McWherter for governor

McWherter for governor

September 29th, 2010 in Opinion Times

It's not surprising that polls show Tennessee's Republican candidate for governor, Pilot Oil scion Bill Haslam, well ahead of Mike McWherter, his Democratic opponent, in support from likely voters. That's what you get for opening your wallet. The wealthy Haslam paid a ton of money for television advertising to win the name recognition he needed for victory in the tightly contested Republican primary, and he's continued to wallpaper the state with ads in the run-up to the November election.

McWherter, by contrast, was virtually unopposed in his party's primary, so he didn't have to advertise much to win. Whether that's a good thing for McWherter's campaign, of course, remains to be seen.

Haslam has not only run up his name-recognition; he's also reaping the benefit of an energized and highly motivated GOP base that's fueled by tea party energy and mid-term fatigue with the party in power. All the over-time campaigning McWherter can layer on in the next few weeks will test his election strategy.

Still, if voters are interested in the personal core of the candidates, McWherter has the stuff to make a better governor.

He's a traditional centrist, anti-income tax Democrat, in the mold of his prominent father, former Gov. Ned McWherter, and our current Democratic governor, Phil Bredesen.

He personally financed and built up his own business, a beverage distributorship in Jackson, Tenn.; it wasn't handed to him. Thus he's got bona fide hands-on understanding of what makes small businesses tick, the necessary fuel for ginning up the state's most reliable job generator.

And he has the art of handling gubernatorial duties in his DNA, the result of daily family tutelage from his father's successful two terms as governor. That gave him a deep understanding of how state government works, the levers of power and a strong interest in helping move the state forward.

McWherter's platform has strong positive themes, and a legitimate issue with his opponent. He has laid out a program to provide the same sort of tax cuts or credits for new hires to small companies, those with less than 125 employees, that the state currently provides to big companies. Such incentives would not cut into state operating funds, he argues, because they would directly boost employment and collateral consumer spending, which underwrites the state's economy and the state's main source of revenue.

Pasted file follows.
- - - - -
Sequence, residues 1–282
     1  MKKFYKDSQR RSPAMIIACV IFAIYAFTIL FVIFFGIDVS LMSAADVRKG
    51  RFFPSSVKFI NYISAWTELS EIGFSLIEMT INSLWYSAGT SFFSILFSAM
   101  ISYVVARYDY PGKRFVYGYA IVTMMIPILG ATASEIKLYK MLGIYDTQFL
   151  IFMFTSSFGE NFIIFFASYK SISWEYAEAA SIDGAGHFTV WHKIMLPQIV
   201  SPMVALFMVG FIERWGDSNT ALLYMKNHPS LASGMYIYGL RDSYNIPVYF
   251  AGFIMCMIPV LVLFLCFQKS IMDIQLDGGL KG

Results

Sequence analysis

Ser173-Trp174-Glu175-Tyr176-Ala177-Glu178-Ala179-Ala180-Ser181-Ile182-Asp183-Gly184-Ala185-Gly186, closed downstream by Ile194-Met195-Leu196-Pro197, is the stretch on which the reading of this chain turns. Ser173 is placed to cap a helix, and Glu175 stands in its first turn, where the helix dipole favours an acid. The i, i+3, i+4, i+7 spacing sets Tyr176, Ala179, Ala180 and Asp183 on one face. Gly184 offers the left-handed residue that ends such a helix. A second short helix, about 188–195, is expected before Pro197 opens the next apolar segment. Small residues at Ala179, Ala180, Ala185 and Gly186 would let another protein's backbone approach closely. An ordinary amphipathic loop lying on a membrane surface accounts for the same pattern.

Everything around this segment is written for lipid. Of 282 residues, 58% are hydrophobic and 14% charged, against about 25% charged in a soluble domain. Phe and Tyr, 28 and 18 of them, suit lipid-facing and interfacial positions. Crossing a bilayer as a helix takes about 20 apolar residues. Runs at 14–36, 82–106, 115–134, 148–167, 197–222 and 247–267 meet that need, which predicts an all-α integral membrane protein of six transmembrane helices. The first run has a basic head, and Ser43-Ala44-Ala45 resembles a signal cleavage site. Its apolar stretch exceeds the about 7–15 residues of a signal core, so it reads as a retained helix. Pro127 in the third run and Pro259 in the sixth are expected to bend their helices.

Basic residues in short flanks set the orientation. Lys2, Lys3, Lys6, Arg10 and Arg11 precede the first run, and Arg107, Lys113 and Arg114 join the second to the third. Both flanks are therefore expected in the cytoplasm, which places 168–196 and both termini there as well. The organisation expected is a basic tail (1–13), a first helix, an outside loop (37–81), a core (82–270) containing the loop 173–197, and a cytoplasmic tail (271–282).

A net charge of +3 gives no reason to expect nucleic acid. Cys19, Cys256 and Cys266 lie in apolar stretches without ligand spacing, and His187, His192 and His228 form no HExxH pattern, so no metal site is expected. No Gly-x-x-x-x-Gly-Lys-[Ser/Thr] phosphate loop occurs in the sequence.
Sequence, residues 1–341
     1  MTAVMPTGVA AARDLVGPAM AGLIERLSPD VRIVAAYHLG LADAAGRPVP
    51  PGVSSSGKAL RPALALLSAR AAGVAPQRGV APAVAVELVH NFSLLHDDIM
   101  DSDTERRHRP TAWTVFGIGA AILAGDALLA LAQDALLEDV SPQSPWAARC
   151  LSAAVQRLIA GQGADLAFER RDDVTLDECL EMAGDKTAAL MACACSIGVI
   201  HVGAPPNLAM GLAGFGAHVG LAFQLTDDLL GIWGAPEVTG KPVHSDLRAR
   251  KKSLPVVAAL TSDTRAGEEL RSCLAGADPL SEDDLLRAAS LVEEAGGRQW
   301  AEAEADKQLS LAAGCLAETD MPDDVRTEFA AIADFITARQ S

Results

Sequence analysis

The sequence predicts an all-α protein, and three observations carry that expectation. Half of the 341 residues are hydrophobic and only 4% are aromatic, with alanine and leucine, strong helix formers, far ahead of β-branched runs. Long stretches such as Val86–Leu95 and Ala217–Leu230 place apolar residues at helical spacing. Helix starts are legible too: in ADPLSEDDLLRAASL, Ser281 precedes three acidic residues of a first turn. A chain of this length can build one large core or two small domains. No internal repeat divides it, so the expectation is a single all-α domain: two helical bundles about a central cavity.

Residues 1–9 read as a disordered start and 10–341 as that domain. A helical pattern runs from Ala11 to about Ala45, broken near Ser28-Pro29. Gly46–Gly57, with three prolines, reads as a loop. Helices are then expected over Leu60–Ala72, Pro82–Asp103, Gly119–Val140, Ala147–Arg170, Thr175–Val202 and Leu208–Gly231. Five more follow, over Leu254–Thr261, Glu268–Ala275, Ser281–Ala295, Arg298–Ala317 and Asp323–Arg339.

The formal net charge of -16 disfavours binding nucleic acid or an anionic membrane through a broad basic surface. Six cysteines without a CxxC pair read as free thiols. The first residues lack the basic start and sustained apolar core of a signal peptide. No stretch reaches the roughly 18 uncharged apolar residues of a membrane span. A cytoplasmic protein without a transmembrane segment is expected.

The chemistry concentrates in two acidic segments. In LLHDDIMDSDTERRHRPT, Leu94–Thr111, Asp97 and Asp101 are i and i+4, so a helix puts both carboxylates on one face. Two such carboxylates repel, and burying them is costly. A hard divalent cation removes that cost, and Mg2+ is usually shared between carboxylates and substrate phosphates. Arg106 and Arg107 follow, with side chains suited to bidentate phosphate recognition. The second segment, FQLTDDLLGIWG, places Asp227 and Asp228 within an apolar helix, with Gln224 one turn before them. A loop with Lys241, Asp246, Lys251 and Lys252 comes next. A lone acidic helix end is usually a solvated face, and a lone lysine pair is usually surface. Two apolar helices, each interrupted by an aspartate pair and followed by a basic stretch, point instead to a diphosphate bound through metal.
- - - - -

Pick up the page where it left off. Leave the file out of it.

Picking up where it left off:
He would focus his job recruitment program on small businesses as well as large ones, though he would specifically target the supplier plants that ultimately will serve larger companies like Volkswagen, Wacker Chemical, Hemlock and Alstom.

His strategy differs notably from Haslam's. The Republican proposes to create new regional centers for industry and job recruitment. Because Tennessee already has regional development offices across the state, McWherter logically sees Haslam's proposal as just another layer of bureaucracy.

McWherter also pledges to fully fund the state's Basic Education Program, the chief source of state education funding. That would be welcome and fair. Hamilton County continues to be hamstrung by the state's refusal to fully fund the BEP formula and ante up the $12 million annual loss to county schools in its BEP account.

He also supports full funding for the pre-Kindergarten program, as the state's economy recovers. In a globally connected economy where education is key, he is right to support the pre-K initiative, and Haslam is wrong to diminish it.

Lastly, he rightly calls for Haslam to make a full disclosure of his income and to quit blatantly misrepresenting Pilot Oil as a purely family business. McWherter charges that the company's equity partner, a Luxembourg corporation, does business with Iran and has influence on the business.

McWherter has made a full disclosure of his income. He also pledges to put his assets in a blind trust if elected. Haslam has refused to disclose his assets, and will not commit to a blind trust. That, McWherter correctly points out, leaves him with potential conflicts of interests in his dealings as governor with the corporate world.

That should not be tolerated. McWherter is on the right side of this vital issue. Haslam is not. Does Haslam have something to hide?